Paper Towns follows Quentin “Q” Jacobsen (Nat Wolf), a high school student whose soon graduating high school. With his life ahead of him, he’s left wondering if he missed out on an opportunity to be with his first crush, Margo (Cara Delevingne). Q is smart but doesn’t hang out with the cool kids Margo has surrounded herself with. However, this seeming changes after Margo comes to Q with the request to help her carry out revenge on her friends.
After a night of close calls and sweet moments, Q feels that he and Margo are closer. Despite this, Margo seemingly disappears from his life the next day.
Thinking that Margo would want him to follow Q, along with his friends Radar (Justice Smith) and Ben (Austin Abrams), start investigating the clues she left behind. With a location seemingly discovered the three, along with Radar’s girlfriend Angela (Jaz Sinclair) and Margo’s former best friend Lacy (Halston Sage), travel across America to find the paper town Margo’s hiding in.
This is the second film based upon a John Green novel and overall this one comes off as a better film. While the Fault in Our Star’s wanted to play more with your heart strings, Paper Towns seems more grounded cutting out the tragedy for a fun mystery/roadtrip/buddy comedy/romance story.
As you might of guessed from description above, this film moves around a lot. Opening with Margo and Q running from location to location taking revenge the rest of the film is treated more like a light mystery story. Despite this story motif, the film doesn’t really revolve around the mystery but more what Q learns in the end.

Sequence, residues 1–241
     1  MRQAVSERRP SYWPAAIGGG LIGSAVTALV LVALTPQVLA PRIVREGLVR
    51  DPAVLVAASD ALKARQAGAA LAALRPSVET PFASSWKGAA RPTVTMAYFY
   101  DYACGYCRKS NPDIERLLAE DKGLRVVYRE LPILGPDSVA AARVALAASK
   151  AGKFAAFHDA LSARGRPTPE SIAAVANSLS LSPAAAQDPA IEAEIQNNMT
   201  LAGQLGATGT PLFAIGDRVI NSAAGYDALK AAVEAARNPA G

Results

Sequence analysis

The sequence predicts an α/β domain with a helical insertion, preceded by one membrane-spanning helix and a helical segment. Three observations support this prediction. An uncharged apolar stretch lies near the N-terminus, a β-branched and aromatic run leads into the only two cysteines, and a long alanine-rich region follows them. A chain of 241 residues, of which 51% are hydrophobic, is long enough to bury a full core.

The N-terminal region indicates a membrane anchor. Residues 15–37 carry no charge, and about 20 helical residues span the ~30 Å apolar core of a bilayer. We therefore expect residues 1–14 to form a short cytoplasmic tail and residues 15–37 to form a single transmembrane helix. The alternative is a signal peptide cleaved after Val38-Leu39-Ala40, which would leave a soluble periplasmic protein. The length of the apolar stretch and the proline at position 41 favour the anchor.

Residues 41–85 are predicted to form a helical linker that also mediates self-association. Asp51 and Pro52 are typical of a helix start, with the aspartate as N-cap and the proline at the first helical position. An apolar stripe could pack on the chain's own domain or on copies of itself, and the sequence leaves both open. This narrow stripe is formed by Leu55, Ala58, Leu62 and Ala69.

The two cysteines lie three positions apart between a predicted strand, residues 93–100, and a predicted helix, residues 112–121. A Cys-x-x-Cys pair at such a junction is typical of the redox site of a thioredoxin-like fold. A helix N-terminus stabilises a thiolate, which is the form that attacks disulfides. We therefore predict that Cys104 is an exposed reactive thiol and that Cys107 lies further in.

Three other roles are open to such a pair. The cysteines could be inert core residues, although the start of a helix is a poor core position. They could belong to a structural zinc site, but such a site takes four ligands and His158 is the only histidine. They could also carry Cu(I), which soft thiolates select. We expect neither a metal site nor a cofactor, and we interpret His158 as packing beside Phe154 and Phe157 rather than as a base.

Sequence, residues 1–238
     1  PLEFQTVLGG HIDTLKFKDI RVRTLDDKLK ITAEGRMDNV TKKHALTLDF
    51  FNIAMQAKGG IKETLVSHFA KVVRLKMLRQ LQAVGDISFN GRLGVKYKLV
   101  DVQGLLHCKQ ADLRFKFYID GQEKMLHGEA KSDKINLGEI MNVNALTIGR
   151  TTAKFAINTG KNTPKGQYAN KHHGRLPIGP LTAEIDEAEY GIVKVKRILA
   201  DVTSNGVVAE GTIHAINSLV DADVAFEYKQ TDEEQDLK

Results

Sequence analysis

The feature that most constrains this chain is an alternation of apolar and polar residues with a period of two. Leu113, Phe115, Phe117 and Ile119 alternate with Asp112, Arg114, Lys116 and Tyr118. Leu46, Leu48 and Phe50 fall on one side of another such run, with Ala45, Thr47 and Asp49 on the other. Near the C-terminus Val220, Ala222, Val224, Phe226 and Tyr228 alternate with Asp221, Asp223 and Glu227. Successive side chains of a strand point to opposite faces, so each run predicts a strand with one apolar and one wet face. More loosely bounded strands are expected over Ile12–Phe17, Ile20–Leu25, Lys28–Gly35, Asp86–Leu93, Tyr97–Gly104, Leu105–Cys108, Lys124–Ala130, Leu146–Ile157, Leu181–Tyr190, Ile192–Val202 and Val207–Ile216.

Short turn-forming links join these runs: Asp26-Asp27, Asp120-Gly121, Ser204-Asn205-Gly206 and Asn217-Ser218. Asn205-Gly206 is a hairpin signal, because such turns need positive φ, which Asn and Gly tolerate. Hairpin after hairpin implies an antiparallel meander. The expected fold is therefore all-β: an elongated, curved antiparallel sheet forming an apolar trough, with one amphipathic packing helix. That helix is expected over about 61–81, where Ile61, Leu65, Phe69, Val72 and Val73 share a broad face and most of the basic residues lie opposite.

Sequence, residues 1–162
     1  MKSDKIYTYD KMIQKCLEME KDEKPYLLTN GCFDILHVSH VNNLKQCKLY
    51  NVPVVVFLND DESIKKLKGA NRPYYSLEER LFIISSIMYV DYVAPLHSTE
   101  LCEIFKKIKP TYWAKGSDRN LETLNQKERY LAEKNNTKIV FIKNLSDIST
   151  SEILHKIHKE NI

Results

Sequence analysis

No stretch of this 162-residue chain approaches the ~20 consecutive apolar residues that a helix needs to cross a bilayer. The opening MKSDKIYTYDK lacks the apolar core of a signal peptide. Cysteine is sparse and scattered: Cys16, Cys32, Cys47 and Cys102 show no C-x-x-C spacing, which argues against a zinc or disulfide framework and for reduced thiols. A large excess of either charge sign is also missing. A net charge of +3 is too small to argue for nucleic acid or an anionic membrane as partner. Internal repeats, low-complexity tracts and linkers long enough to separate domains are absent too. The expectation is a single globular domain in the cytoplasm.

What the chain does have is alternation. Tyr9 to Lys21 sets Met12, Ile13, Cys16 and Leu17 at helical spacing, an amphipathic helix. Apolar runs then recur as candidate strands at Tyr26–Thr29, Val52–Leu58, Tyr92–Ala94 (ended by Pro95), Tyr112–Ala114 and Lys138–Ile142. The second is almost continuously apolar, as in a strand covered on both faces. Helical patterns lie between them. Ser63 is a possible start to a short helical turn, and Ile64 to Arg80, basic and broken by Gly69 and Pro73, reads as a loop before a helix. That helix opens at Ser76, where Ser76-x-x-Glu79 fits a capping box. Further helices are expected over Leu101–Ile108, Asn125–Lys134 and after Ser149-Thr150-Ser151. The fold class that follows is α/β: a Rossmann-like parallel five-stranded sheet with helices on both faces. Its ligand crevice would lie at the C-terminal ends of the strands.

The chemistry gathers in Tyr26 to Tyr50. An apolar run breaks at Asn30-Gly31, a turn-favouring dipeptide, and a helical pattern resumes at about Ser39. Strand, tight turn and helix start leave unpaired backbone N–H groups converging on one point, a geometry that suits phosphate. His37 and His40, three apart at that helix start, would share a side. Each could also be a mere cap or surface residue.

Throughout the film we see Q be so hung up on Margo that we don’t really realize that the two have drifted apart a great deal. While most stories would end with the two living happily ever after, Paper Towns goes more in the realistic direction as Q’s quest ends with him learning that he was in love with an idea, not a person.
It’s this lesson that makes the story so interesting. We all rarely get what we want in the end, and it’s because of this that Paper Towns keeps my interest. While Q has fun with his friends traveling across several state lines, he ends up being the only character to leave with nothing but personal growth and a lesson in how sometimes life friggin’ sucks (if your sensing some kind of connection with myself and the story, your correct).
That being said, the journey towards this personal destination is where Paper Towns fails. While I’ve not read the book (something I’m pretty damn sure an actor in this film would have done) it’s clear to me that there was a lot of cutting near the middle of the story. Most notably during the traveling sections.
With little other then insert shots of the characters driving in a van and a map graphic of the U.S., the road trip takes up seemingly about 30 minutes of the film. While I didn’t really want to spend a lot of time with five teens in a car, it would have been nice for their to be more story during this part of the trip.
Additionally, the opening of the film kinda feels sluggish like it’s waiting to get to the better parts of the film. We get to see our three friends interact, and while this is the funniest part of the film, it all felt somewhat hollow and stunted under the films own self perceived grandeur. The words are funny and fast between the characters, but in the end there meaning isn’t anything new.
Paper Towns seemingly wants to be the cool coming of age comedy film, like Breakfast Club or any other John Hughes film, but it ends up not being creative enough to do so. Ultimately the films message of “we don’t always get what we want” ironically says more about the overall film’s quality then it’s characters growth.
With that said, Paper Towns is still an ok film. It’s not rude, it’s not flashy, it’s just a story with a refreshing message. If that seems like an interesting film to you, then by all means, visit John Green’s Paper Town.
Paper Towns was produced by Temple Hill Entertainment and TSG Entertainment. The film is distributed by 20th Century Fox.